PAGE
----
The Scholar's Complaint of his Own Bashfulness by Samuel Johnson.

The Scholar's Complaint of his Own Bashfulness is an essay by Samuel Johnson first published in The Ramber in September 1751. It is, as the title suggests, an essay on Johnson's (or the narrator's) shyness and social awkwardness. It begins,
Though one of your correspondents has presumed to mention with some contempt that presence of attention and easiness of address, which the polite have long agreed to celebrate and esteem, yet I cannot be persuaded to think them unworthy of regard or cultivation; but am inclined to believe that, as we seldom value rightly what we have never known the misery of wanting, his judgement has been vitiated by his happiness; and that a natural exuberance of assurance has hindered him from discovering its excellence and use.
He goes on to describe how his young life had been devoted to learning and virtue, which he continued through his university years (Johnson was educated at Pembroke College, Oxford, but was not unable to complete his degree, though he was awarded a Master of Arts in 1755, an honorary doctorate in 1765 by Trinity College Dublin and, in 1775, by Oxford). On leaving university however this sheltered did not serve him well, and he tells of the awkwardness of a wedding he'd been invited to. He describes his excitement at the thought of a room full of people to educate and finds he was absolutely no social skills:
I felt no sense of my own insufficiency, till, going up stairs to the dining-room, I heard the mingled roar of obstreperous merriment. I was, however, disgusted rather than terrified, and went forward without dejection. The whole company rose at my entrance; but when I saw so many eyes fixed at once upon me, I was blasted with a sudden imbecility, I was quelled by some nameless power which I found impossible to be resisted. My sight was dazzled, my cheeks glowed, my perceptions were confounded; I was harassed by the multitude of eager salutations, and returned the common civilities with hesitation and impropriety; the sense of my own blunders increased my confusion, and, before the exchange of ceremonies allowed me to sit down, I was ready to sink under the oppression of surprise; my voice grew weak, and my knees trembled.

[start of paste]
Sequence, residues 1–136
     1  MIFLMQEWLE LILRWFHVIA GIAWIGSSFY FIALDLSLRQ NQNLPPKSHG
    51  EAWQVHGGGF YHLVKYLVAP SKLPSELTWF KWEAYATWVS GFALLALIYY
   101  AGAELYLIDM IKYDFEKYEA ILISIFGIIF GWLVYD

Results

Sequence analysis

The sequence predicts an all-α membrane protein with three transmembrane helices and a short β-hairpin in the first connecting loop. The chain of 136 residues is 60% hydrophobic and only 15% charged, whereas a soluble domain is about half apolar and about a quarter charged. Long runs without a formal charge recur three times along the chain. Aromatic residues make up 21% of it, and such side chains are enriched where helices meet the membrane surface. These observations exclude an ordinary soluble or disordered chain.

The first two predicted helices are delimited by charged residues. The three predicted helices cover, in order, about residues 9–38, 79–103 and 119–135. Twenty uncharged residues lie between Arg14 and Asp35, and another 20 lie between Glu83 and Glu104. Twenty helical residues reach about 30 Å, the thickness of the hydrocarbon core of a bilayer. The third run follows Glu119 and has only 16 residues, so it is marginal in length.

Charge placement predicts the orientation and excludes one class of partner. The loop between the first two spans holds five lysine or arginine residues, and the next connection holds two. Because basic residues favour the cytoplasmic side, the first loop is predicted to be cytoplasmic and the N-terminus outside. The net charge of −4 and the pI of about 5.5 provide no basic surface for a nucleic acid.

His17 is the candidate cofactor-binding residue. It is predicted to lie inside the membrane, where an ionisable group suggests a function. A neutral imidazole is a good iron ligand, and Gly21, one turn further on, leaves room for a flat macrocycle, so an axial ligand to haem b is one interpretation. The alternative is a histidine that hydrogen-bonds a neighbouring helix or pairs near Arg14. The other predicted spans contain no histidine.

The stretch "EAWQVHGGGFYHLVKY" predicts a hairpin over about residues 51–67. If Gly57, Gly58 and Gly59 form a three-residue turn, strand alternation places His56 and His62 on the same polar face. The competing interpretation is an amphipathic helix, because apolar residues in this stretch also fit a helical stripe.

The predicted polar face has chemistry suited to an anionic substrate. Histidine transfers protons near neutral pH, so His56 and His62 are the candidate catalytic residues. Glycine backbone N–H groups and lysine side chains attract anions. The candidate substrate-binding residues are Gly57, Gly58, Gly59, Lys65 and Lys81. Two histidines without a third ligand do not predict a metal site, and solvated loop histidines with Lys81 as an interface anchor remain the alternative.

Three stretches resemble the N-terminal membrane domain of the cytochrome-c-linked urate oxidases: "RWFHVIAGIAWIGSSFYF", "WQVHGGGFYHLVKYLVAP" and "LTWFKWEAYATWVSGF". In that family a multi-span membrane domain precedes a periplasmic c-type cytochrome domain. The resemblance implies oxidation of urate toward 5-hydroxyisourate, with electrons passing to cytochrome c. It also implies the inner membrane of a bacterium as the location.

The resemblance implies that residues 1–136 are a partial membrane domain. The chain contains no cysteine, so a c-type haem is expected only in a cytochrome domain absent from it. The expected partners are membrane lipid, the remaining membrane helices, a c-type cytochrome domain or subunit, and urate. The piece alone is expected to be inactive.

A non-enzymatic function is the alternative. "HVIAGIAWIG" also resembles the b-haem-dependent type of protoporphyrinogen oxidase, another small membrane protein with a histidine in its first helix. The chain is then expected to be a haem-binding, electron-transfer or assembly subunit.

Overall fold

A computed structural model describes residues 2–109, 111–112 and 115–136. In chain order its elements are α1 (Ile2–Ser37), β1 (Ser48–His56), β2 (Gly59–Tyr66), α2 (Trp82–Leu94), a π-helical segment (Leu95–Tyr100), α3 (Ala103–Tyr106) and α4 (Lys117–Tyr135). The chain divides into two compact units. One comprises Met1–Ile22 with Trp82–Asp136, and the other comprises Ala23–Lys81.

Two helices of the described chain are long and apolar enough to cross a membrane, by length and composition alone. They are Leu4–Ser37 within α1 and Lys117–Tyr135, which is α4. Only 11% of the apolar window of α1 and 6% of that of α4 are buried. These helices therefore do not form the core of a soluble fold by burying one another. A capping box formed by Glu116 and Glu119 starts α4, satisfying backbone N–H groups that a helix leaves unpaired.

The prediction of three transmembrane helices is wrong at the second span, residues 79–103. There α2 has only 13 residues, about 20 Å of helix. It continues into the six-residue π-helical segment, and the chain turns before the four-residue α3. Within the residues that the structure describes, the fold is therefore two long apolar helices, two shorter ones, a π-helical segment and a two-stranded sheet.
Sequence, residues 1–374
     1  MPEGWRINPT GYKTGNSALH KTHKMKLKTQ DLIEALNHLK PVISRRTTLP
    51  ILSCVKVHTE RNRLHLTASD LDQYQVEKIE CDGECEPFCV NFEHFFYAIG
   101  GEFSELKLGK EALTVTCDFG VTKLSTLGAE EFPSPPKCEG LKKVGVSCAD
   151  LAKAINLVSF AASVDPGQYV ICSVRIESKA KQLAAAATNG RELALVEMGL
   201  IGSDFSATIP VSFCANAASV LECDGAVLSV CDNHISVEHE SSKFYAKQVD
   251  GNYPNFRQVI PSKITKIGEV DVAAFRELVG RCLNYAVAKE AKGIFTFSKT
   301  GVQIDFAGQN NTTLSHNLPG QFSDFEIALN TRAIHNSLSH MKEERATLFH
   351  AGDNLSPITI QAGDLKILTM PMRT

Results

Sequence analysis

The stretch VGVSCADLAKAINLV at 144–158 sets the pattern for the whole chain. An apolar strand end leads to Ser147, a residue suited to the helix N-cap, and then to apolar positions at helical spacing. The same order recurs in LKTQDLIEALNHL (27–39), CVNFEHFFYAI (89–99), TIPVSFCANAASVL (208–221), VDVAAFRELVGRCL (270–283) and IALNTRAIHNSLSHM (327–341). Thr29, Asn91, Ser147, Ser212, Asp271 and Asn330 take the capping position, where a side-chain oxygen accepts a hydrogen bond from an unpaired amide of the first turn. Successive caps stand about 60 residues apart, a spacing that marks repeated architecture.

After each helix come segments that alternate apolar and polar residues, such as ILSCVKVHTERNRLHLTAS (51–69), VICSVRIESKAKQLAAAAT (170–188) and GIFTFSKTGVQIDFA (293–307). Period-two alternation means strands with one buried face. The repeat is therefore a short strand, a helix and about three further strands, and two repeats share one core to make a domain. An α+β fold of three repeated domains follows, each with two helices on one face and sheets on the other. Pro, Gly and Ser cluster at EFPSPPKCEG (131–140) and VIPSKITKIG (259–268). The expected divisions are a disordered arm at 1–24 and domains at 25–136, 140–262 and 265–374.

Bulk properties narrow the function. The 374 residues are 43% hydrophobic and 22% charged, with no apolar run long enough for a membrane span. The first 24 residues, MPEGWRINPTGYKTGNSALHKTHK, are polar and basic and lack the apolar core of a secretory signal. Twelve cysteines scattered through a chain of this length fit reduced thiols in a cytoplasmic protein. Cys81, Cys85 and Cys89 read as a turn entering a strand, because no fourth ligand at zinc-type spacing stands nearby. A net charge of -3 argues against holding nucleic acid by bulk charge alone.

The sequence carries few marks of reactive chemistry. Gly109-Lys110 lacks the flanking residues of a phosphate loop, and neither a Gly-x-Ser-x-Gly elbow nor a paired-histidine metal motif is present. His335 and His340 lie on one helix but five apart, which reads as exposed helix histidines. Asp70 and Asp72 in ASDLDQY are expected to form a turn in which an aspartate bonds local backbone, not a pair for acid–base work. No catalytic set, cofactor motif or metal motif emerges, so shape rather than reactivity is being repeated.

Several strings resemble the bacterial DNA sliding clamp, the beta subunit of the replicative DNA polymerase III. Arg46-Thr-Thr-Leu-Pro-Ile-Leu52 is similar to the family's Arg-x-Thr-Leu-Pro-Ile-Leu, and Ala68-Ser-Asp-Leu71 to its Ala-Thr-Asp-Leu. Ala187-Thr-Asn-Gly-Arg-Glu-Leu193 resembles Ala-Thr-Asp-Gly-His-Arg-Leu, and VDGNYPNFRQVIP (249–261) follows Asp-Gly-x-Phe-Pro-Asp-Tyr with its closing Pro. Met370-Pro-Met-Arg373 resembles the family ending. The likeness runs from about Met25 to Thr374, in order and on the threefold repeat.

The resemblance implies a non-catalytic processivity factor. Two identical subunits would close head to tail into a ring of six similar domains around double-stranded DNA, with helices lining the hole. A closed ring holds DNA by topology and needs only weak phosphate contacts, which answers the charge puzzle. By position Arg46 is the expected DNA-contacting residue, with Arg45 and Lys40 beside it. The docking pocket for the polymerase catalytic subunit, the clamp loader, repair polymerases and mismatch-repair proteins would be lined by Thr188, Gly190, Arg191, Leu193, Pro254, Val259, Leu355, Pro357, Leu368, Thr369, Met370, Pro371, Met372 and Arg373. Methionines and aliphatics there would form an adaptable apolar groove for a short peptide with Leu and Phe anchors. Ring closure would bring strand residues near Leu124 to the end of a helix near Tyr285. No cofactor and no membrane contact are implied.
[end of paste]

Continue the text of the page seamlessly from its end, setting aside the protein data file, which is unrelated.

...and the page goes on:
It gets worse: Johnson found himself with nothing to say and unable to contribute to the discussion which, to his shock, had gone beyond the realm of books. The humiliation doesn't end there either: Johnson manages to spill his tea, scald a lapdog, and stain a petticoat of one of the ladies. He finishes,
But is this misery, Mr. Rambler, never to cease; have I spent my life in study only to become the sport of the ignorant, and debarred myself from all the common enjoyments of youth to collect ideas which must sleep in silence, and form opinions which I must not divulge? Inform me, dear Sir, by what means I may rescue my faculties from these shackles of cowardice, how I may rise to a level with my fellow-beings, recall myself from this langour of involuntary subjection to the free exertion of my intellects, and add to the power of reasoning the liberty of speech.
Poor Johnson! It's a sad essay more than a funny one, and an interesting one on the limits of books: the old university vs. university of life debate. I haven't read Johnson in quite some time, so it was good to return to him.

And that was my 22nd title for the Deal Me In Challenge. Next week: Campaspe by John Lyly.

Comments

  1. i know exactly whereof the good Doctor speaks, having oft been there myself... some of us just never figure out exactly what's involved in the social milieu...

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    Replies
    1. Same here. Socially awkward AND I have a habit of replaying all my social awkwardness before I go to sleep!

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